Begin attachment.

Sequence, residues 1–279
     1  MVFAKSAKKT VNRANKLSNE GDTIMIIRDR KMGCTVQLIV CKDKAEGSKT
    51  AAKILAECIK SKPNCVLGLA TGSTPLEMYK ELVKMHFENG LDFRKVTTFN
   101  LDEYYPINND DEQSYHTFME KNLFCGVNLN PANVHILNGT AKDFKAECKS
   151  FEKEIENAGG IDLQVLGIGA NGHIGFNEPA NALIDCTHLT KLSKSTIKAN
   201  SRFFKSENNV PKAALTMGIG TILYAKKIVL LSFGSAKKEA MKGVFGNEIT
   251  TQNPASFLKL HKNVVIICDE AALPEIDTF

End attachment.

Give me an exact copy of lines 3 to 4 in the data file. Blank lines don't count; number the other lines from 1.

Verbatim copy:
    51  AAKILAECIK SKPNCVLGLA TGSTPLEMYK ELVKMHFENG LDFRKVTTFN
   101  LDEYYPINND DEQSYHTFME KNLFCGVNLN PANVHILNGT AKDFKAECKS